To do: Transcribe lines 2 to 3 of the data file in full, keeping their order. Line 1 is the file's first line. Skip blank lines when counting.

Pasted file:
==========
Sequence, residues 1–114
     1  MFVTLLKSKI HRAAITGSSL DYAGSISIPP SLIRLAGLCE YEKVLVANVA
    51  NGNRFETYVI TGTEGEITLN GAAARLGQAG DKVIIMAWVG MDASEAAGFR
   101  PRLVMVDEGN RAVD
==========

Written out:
     1  MFVTLLKSKI HRAAITGSSL DYAGSISIPP SLIRLAGLCE YEKVLVANVA
    51  NGNRFETYVI TGTEGEITLN GAAARLGQAG DKVIIMAWVG MDASEAAGFR